Wilson’s phalaropes at Mono Lake, California. Photo credit: Ron Ozuna. Courtesy Center for Biological Diversity.
Wilson’s phalaropes at Mono Lake, California. Photo credit: Ron Ozuna. Courtesy Center for Biological Diversity.

SALT LAKE CITY — A conservation group, acting on behalf of a coalition of scientists and other conservation groups, has filed a legal petition seeking to provide new protections for a shorebird species that relies heavily on the Great Salt Lake to survive, which could change how the lake is managed.

The Center for Biological Diversity filed the 119-page petition with the U.S. Fish and Wildlife Service on Thursday, seeking to add new protections for the Wilson's phalarope under the Endangered Species Act. The center emphasized its petition with an extravagant rally on the steps of the Utah Capitol later in the day, which ended in music as people sang about the lake rising again to the tune of "When The Band Comes Marching In."

A few people even dressed as Wilson's phalaropes and danced around the steps in the middle of the song.

"The bird is currently very threatened by the conditions at saline lakes around the western United States, but, in particular, the fate of the Great Salt Lake is the fate of this bird," said Deeda Seed, a senior campaigner for the center, after the event. "If the lake dries up (and) the ecosystem of the lake collapses, we could lose this species. And so an Endangered Species Act listing would confer significant protection upon the bird."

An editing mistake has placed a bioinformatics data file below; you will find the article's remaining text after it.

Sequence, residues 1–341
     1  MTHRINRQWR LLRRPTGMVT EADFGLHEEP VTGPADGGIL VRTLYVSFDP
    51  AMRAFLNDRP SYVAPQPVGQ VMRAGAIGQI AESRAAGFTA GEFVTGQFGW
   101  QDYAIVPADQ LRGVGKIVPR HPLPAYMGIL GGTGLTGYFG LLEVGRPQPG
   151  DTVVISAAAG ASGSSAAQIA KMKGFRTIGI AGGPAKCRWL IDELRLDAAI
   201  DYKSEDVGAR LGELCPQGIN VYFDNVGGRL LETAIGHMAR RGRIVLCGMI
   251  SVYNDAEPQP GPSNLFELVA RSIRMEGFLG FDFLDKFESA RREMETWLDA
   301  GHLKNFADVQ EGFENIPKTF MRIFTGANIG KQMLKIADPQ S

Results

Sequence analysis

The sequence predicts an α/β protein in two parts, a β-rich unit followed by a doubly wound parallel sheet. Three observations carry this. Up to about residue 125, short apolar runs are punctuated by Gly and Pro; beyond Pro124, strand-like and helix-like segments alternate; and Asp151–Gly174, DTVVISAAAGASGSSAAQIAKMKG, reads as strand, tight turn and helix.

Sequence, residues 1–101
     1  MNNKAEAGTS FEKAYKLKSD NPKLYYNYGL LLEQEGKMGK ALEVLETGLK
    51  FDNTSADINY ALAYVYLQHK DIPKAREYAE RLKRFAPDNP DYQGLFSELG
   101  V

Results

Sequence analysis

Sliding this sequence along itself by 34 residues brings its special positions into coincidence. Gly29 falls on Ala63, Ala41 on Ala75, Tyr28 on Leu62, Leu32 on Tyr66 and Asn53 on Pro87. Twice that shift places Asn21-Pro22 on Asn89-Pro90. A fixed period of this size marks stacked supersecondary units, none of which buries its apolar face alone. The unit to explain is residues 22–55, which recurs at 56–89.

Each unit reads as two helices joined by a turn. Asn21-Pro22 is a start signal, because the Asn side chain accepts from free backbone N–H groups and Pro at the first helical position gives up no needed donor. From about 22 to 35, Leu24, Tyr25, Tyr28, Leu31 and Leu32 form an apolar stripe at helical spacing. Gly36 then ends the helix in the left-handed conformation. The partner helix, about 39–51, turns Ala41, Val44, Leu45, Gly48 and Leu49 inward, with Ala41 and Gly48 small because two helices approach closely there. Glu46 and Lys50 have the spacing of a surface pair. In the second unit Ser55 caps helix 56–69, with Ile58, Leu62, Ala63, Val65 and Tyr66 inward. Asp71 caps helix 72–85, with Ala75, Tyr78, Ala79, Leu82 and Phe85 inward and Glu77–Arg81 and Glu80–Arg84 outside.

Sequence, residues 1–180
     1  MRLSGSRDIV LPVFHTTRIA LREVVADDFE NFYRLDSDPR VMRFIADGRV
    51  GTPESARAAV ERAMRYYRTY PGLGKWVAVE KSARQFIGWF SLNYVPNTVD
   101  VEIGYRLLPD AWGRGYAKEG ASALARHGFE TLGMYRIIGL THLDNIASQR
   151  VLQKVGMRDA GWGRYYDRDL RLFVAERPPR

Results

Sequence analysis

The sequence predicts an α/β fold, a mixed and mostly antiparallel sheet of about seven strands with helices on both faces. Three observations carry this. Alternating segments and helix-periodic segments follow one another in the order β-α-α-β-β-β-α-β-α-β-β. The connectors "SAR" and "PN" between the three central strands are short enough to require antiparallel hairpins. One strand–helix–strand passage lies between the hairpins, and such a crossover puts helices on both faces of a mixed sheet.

However, Utah Gov. Spencer Cox said he opposes the proposed measure and that the state would "push back" against any possible listing.

Wilson's phalarope and the Great Salt Lake

The species is one of hundreds that make up the Great Salt Lake ecosystem. Wilson's phalaropes make frequent stops at the lake, especially during its annual 3,000- to 4,000-mile migration between Chile and Argentina in South America and the U.S. and Canada. About 40% to 60% of the species' global population is estimated to stop at the Great Salt Lake, Mono Lake in California or Lake Abert in Oregon every year.

The Great Salt Lake is perhaps the most "crucial" way station among these three options, says Ryan Carle, science director of Oikonos, a nonprofit that focuses on "imperiled" ecosystems, who also co-authored the petition after five years of studying the species.

But the bird's population has dropped as saline lakes struggle in the West.

The Great Salt Lake reached an all-time low in 2022, while Lake Mono has also struggled in recent years, and Lake Abert has completely dried up a few times. Carle says about 250,000 phalaropes annually flocked to the Great Salt Lake over the past five years, far lower than the 500,000 to 600,000 counted before the lake's decline.

"There's no replacement for the (three lakes)," he said. "There are no other big salt lakes that have the shrimp and the flies."

carter phalorope protest

People dress up as different Great Salt Lake creatures and hold signs in support of the lake during a rally celebrating new efforts to protect the Wilson's phalarope at the Utah Capitol on Thursday. (Photo: Carter Williams, KSL.com)

The situation has now gotten to the point where they believe the species needs new protections. However, those behind the effort also believe that the Wilson's phalarope is emblematic of other species that could be threatened if the Great Salt Lake collapses.